Games businessmen play!

Football is clearly the number one corporate sport

Football is clearly the number one corporate sport

The Russian business community is investing generously into sports, encouraging their staff to stay in shape.

According to the ANCOR HR agency, sport-related compensation is offered by 21 pc of Russian and 18 pc of Russia-based foreign firm averaging in real terms to $98 and $738 respectively.

Why are companies willing to spend all that money? They enhance their reputation by demonstrating that they care about their staff and treat them as individuals with a wide range of needs rather than hired biorobots. Sports help narrow the social gap between the rank-and-file and management as well as develop team-player skills.
Football is clearly the number one corporate sport in Russia. It is not, however, the conventional type of soccer with eleven players on each team. For managers and top executives, it is more practical to play indoor soccer or use a quarter of a standard pitch, with five or six players a side.

“My work is sedentary and stressful so a game of football sheds both, calories and stress. I generally play three or four times a week,” says Oleg Lanskoy, the managing director of a big transport company.
Leonid Edlin, Creative Director at the IntelSport corporate event agency says that the demand for football training programmes exceeds supply. “There are a few available pitches of decent quality that could be conveniently leased outside working hours: in the evenings on business days and on weekends. It is particularly hard to find indoor or heated-turf fields for the winter season. So there is plenty of room for investment in this segment,” says Edlin.

As for the number two corporate sport, quite a few candidates are neck and neck: volleyball, tennis, billiards, paintball, and carting. Among less popular sports are hockey, basketball, ping-pong, and downhill skiing. The most elitist include squash, sailing and golf. Some sports such as polo, show-jumping, car racing, and various kinds of extreme sports, are exotic for Russia and attract only a few connoisseurs.

Football, volleyball and tennis are relatively affordable hobbies. Half of a football ground can be leased for $100 to $150 an hour, so each player spends no more than $10 per training session. Indoor venues, however, can cost two or three times more.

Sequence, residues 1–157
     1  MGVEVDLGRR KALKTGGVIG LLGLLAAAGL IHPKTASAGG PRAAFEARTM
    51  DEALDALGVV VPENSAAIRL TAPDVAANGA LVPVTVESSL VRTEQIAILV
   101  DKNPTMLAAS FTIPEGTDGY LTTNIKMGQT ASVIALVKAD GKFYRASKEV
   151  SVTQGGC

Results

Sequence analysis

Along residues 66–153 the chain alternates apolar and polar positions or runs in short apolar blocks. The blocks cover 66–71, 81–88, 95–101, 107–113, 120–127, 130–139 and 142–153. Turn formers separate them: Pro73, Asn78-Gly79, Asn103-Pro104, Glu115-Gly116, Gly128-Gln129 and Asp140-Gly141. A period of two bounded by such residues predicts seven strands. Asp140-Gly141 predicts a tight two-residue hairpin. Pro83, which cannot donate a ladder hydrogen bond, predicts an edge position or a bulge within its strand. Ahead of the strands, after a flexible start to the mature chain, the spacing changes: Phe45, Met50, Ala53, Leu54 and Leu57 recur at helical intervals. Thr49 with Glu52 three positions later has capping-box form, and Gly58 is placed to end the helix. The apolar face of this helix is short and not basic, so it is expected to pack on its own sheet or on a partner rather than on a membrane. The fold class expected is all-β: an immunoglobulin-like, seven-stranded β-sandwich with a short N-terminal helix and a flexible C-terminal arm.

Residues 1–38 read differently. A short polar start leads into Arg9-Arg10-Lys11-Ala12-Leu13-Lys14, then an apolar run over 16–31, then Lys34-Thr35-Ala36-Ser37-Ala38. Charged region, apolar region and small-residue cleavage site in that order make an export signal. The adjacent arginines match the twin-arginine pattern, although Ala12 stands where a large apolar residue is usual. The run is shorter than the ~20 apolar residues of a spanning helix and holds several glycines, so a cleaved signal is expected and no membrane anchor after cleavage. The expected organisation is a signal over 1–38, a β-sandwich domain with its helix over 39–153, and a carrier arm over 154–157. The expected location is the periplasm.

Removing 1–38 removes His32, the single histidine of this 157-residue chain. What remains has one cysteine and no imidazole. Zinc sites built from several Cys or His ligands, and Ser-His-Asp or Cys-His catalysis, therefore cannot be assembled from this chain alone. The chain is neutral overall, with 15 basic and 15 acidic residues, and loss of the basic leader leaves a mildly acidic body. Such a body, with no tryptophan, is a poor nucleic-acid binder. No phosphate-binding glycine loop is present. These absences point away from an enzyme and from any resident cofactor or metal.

Paintball is becoming an increasingly popular activity in Russia

The cost of renting facilities and equipment can vary widely even for the same kind of sport. For instance, the price of renting a tennis court in Moscow ranges from $30 to $200 an hour, and the use of a volleyball court may cost from $30 to $100 an hour. To enjoy the most expensive sports, golf and yachting, you may have to fork over from $100 to several thousand dollars an hour depending on the quality and prestige of the location.

Naturally, most businessmen prefer sports they played in their youth or childhood. Top executives or shareholders, who are passionate devotees of a particular kind of sport, often initiate company-wide programmes to set up teams, conduct training sessions and take part in tournaments with other companies.

Corporate sport in Moscow has turned into a big business. Executives who are chronically short of time commonly resort to specialised agencies to make the necessary arrangements. Moscow has a number of event agencies that organise corporate competitions. “Corporate sports are gaining ground fast in various industries,” explains Leonid Edlin. "Companies associated with metal products are keen on Russian billiards tournaments. The construction industry plays football and volleyball. IT specialists prefer bowling and American pool. Every weekend, Moscow sees multiple competitions in various kinds of sport and the number of new participants keeps growing. Although the crisis set back this segment too, we now see a brisk revival of the market.”

Many companies conduct corporate Olympic games. Vneshtorgbank, the second biggest bank in Russia holds annual games attracting employees from over ten countries and 50 Russian cities to challenge their colleagues in golf, darts, carting, bowling, etc. At Sberbank and UralSib, both management and staff play on the same team. Pavel Makarevski, Deputy Director General at IMA Consulting says there is no class segregation in their company.

Foreign businessmen and expats also take an active part in corporate sports events in Moscow. Teams taking part in indoor soccer games are often composed of German, American and Yugoslavian businessmen. Expats take credit for importing the game of polo into Russia. Foreigners also constitute a sizable clientele of golf clubs in and outside Moscow. On the whole, there is hardly a sport, however exotic and rare, which you would be unable to enjoy in the Russian capital.

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